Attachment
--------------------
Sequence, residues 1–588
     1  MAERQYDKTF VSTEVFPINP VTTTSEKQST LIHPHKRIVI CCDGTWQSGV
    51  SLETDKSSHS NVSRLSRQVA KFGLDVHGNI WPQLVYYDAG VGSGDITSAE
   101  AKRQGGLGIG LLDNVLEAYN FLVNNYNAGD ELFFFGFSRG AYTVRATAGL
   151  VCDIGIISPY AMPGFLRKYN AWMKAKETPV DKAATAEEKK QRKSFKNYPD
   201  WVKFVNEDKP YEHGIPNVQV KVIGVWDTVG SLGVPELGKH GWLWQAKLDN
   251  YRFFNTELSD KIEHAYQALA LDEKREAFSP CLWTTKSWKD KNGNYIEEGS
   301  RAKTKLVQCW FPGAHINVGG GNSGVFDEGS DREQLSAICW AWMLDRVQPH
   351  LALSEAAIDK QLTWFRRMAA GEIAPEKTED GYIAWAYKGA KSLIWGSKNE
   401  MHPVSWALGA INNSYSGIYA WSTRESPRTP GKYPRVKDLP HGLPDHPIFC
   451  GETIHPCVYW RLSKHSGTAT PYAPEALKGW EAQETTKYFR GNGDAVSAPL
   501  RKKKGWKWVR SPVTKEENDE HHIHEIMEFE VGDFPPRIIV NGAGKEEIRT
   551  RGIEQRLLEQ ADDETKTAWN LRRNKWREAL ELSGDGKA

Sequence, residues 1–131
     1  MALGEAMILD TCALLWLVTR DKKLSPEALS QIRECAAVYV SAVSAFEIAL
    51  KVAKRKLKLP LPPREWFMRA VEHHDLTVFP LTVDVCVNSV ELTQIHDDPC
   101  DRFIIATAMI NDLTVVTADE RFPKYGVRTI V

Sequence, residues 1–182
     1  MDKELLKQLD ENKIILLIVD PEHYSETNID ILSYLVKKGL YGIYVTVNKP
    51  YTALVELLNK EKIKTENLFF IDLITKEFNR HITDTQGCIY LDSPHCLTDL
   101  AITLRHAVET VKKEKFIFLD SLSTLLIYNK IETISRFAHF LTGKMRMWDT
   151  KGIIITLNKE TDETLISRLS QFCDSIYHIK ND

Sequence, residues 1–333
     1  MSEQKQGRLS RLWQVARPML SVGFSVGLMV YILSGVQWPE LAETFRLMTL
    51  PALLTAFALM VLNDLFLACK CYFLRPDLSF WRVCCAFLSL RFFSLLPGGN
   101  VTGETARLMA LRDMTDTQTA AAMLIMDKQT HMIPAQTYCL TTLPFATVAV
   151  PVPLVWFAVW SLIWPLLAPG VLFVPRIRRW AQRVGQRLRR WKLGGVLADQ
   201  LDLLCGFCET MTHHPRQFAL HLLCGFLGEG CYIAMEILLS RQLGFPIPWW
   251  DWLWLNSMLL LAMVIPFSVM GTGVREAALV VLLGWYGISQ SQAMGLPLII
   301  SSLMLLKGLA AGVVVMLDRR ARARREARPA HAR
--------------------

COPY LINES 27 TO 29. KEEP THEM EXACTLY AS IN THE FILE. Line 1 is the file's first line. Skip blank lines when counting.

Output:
   151  PVPLVWFAVW SLIWPLLAPG VLFVPRIRRW AQRVGQRLRR WKLGGVLADQ
   201  LDLLCGFCET MTHHPRQFAL HLLCGFLGEG CYIAMEILLS RQLGFPIPWW
   251  DWLWLNSMLL LAMVIPFSVM GTGVREAALV VLLGWYGISQ SQAMGLPLII